Vacant buildings on the triangle at Johnson Ferry Road and Mount Vernon Highway in Sandy Springs began coming down Aug. 25, partly for a future city park. But the city is now rethinking its controversial plan for the rest of the triangle: dual roundabouts that would eat into neighboring properties.
Among the buildings coming down is the former Eddie’s Automotive, which was once declared “historic” by the state Historic Preservation Division.
Mayor Rusty Paul and the City Council suggested in informal, internal conversation — without discussion in a regular council meeting — to rethink the intersection plan, according to Kraun. Improving the unusual, X-shaped intersection is a $26 million item on the new transportation special local option sales tax project list.
“There’s going to be some updates to see if there are better ways to do it,” said city spokesperson Sharon Kraun. “It could be roundabouts. It could not be.”
New design alternatives will be presented in a public meeting that could happen “within a matter of weeks,” Kraun said. Meanwhile, the city’s TSPLOST project website page continues to describe the plan – known as Project T-0011 – as roundabouts.
The roundabouts – which had at least three alternative designs – were controversial for possible land-takings and concerns they would make traffic worse. The last significant public discussions about them was the mayor and council’s annual retreat in January, where they asked for refined versions of the roundabouts plan.
Since then, the mayor and council wanted to review more alternatives, Kraun said, partly because of studies about possible mass transit and alternative transportation on the Mount Vernon corridor. Those include a planned multi-use path and possible “multi-modal” lanes on the road.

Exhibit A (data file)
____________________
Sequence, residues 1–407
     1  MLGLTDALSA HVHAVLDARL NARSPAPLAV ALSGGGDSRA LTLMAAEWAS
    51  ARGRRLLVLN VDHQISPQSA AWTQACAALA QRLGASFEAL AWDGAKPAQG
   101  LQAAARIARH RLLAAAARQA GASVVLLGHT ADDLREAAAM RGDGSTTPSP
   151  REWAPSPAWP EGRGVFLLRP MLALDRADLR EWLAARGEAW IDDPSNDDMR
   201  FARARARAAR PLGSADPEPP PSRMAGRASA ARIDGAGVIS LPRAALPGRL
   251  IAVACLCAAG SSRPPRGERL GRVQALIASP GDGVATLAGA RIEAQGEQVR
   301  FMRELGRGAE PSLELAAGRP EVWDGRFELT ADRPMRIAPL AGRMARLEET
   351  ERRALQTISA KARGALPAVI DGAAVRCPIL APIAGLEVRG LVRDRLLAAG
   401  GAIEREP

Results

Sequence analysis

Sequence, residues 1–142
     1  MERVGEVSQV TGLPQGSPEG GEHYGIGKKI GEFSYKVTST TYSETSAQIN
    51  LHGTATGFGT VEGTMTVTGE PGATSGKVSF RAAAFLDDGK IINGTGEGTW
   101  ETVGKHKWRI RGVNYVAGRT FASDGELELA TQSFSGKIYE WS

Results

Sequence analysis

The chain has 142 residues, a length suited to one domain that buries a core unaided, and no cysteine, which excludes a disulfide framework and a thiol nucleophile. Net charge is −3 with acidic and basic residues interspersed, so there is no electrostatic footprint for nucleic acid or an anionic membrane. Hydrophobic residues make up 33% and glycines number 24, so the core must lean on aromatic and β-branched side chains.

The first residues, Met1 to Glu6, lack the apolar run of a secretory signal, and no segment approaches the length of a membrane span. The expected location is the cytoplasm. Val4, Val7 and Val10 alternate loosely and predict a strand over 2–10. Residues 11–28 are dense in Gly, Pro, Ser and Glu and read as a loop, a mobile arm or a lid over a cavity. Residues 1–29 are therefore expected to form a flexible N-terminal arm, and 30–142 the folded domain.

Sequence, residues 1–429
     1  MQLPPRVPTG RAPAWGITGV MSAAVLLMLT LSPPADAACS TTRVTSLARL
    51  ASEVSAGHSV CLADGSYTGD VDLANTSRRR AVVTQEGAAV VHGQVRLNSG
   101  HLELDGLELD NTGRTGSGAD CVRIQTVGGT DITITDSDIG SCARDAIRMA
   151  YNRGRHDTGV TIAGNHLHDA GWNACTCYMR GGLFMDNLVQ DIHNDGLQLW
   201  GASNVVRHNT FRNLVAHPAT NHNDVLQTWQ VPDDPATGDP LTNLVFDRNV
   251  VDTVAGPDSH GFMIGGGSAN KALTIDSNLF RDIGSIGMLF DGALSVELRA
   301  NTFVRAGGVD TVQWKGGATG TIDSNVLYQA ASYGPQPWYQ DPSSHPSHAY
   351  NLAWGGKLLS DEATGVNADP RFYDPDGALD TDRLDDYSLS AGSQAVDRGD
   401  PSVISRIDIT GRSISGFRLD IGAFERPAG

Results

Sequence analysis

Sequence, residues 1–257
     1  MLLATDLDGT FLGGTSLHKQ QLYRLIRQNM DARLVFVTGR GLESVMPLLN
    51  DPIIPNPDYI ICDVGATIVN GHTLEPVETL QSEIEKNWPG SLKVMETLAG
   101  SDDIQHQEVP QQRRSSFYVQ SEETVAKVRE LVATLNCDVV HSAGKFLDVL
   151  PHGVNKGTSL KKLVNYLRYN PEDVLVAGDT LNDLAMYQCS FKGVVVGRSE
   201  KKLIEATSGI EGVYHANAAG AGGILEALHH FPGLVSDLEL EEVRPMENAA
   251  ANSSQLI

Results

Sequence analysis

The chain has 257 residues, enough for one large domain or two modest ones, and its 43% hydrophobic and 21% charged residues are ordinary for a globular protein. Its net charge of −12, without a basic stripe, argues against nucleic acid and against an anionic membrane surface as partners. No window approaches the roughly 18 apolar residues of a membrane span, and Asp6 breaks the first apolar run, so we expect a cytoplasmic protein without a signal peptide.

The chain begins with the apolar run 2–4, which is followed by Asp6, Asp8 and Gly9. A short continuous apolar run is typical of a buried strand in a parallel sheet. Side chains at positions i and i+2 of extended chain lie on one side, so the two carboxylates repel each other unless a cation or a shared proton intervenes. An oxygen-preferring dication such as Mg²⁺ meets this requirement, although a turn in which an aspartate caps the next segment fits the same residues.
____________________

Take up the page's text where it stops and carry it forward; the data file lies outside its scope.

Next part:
The side of the triangle fronting on Roswell Road is pegged for a new park intended to pair with the new City Springs civic center going up directly across the street. That park has yet to be designed and has no specific timeline, though it might funded by the main City Springs budget, depending how the spending looks as that project nears completion and a mid-2018 opening.
The city spent about $4.8 million to acquire the triangle, whose main structures were vacant mattress and carpet stores, as well as Magic Mike’s, the successor garage to Eddie’s Automotive. Eddie’s was a local institution founded in 1972 and known for servicing the city’s police car fleet.
Last year, the Eddie’s/Magic Mike’s building at 260 Mount Vernon Highway N.E. was declared “historic” by the state as an example of 1960s “Contemporary architecture” of the car-oriented suburbs. The building featured a rectangular, symmetrical look and a facade decorated with louvre-like wooden slats.
That historic designation stalled the roundabouts plan, because the project was using state and federal funds that required historic review and asset protection. For that reason, the city pulled out of that funding and put the project instead on the TSPLOST project list, which voters approved last fall. By funding the project itself, the city does not have to investigate or preserve historic properties.
The city paid Magic Mike’s more than $73,000 to move to a new location on Roswell Road last year.
At around noon on Aug. 25, a small crew with a single earthmover was demolishing the old carpet store, and some preliminary demo work had been done on the roof of the Eddie’s/Magic Mike’s building.
When the demolition is complete, the triangle’s immediate future will be as a lawn that may or may not be open to the public, Kraun said.
“We’ll green it,” she said, adding that one structure will remain for a while: a giant billboard.
Photos by John Ruch